Young investors are collaborating in Harlem to help diverse startups get funding. Millennial entrepreneur Henri Pierre-Jacques, one of the founding members of Harlem Capital Partners, understands the financial struggles small businesses owned by people of color face and are working to boost inclusion.
The lack of diversity at business events coupled with a growing interest in investment, inspired Harlem Capital Partners founding team of five to reach out to founders of color with ideas that were missing one thing: capital.
“We believe there is an upside to investing in diverse founders. They’re used to doing more with less capital. You just have to be two times better as a minority,” explains Pierre-Jacques, a 26-year-old Detroit native, on the company’s vision and their specific attraction to minority businesses.
Pierre-Jacques offers some advice for those looking for small business funding.
1. Don’t quit your day job: “Try to build as much of the business as you can while you’re getting paid by someone else. It also allows you to make decisions on the business for the business sake, not to feed your plate”, suggests Pierre-Jacques. “By doing so, you can make smart risks that won’t affect your personal life and you can work on your side hustle without worrying about it needing to be your main source of income.”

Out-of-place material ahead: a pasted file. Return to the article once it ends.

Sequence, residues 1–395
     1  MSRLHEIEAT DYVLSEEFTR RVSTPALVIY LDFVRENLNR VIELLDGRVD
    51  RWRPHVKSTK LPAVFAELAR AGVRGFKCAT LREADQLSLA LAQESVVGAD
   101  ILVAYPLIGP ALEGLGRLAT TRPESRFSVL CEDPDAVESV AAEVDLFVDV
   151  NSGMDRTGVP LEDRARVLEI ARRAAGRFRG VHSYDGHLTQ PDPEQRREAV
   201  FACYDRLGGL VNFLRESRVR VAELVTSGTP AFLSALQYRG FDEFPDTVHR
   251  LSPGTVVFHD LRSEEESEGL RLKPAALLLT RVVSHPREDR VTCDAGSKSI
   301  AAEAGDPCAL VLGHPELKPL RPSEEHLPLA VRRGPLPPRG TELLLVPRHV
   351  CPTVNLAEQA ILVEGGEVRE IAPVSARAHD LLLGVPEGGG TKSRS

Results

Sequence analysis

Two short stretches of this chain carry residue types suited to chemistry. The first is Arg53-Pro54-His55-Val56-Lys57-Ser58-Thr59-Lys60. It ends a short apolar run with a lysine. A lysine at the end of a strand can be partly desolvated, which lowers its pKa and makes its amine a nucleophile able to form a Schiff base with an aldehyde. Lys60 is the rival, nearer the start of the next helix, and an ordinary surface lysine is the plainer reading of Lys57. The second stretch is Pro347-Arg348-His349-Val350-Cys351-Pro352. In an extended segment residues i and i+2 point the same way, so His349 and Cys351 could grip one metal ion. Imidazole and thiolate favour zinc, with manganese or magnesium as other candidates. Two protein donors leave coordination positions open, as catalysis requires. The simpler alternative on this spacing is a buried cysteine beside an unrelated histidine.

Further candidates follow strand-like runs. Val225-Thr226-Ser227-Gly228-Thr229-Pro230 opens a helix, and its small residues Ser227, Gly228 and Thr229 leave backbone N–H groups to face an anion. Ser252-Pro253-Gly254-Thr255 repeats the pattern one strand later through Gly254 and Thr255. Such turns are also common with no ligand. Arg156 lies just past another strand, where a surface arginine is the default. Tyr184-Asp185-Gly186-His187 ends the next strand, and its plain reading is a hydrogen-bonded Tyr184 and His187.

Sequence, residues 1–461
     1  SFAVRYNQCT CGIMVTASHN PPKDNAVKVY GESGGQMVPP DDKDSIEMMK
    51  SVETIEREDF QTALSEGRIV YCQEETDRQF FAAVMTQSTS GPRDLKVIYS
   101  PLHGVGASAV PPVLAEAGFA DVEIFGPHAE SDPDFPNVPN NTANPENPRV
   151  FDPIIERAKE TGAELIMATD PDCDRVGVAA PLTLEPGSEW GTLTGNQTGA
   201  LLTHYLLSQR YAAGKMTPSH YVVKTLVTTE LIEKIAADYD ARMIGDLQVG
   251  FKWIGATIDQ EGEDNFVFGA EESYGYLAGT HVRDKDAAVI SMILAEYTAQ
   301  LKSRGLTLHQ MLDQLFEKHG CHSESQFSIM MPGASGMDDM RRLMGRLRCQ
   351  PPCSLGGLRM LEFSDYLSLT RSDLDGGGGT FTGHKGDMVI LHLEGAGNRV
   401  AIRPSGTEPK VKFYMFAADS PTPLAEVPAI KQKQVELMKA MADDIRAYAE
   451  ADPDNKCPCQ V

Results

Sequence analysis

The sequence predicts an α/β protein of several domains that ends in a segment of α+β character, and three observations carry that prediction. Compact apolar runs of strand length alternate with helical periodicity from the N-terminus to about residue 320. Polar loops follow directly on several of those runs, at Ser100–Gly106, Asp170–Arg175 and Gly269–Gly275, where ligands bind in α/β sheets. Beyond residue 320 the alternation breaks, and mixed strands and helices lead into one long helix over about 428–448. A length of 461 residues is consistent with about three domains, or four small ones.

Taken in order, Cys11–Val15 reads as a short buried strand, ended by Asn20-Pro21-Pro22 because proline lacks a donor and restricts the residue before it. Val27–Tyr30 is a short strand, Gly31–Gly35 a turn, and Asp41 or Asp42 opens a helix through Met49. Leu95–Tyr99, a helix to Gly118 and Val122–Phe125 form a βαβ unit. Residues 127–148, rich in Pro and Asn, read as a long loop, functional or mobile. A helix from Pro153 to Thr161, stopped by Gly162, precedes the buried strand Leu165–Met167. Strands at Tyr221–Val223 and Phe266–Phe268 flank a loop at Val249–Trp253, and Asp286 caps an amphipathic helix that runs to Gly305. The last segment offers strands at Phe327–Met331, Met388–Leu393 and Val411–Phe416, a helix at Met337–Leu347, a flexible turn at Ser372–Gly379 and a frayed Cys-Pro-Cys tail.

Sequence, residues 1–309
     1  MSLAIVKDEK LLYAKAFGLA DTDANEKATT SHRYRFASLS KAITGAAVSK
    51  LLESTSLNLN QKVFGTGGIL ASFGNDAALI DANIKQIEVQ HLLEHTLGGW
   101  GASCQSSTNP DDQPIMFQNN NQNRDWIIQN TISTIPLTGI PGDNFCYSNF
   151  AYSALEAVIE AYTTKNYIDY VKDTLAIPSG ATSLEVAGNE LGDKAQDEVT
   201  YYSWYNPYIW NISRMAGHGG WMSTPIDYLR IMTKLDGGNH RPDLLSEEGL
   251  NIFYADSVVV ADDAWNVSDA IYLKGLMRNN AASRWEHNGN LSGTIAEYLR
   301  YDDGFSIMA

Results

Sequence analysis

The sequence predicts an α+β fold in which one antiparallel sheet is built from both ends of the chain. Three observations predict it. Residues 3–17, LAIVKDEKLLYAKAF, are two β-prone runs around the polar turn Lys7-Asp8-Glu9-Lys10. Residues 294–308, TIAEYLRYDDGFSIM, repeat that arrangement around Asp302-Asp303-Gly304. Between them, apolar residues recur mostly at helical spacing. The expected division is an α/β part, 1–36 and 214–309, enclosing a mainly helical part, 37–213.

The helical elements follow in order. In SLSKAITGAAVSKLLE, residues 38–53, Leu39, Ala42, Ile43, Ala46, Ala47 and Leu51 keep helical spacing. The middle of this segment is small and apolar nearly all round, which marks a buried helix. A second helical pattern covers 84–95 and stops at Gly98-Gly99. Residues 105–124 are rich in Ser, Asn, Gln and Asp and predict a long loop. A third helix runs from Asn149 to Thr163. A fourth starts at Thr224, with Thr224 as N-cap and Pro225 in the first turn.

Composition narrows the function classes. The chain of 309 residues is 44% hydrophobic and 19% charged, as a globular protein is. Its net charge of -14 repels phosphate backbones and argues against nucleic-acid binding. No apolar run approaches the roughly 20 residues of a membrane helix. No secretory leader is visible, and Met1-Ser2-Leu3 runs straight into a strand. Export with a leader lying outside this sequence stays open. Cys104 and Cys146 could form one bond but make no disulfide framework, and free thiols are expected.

2. Get opinions: “Before you go to real investors who have larger dollar amounts, make sure you’re getting feedback from people like them or different people in this space on your presentation and your understanding of what venture firms look for. We need to write a check believing that other people are going to write a check or we’re wasting a check”, Pierre-Jacques points out. Constructive criticism will get you far in making the necessary corrections to your business model and proposal.
3. Do your research: “Understand how venture works. When you get a bunch of nos from venture firms, it’s not that your business isn’t good, your business just doesn’t fit their business model in terms of what they need to get their return. A lot of minorities don’t understand that so we try to tell them we’re not giving you money because you don’t need venture money and we don’t want to take equity from you”, he explains. Knowing exactly how venture capitalism works and whether you actually need it or not based on your company’s return profit will be a large determining factor of your next steps.
To learn more about Harlem Capital Partners, visit the company website here.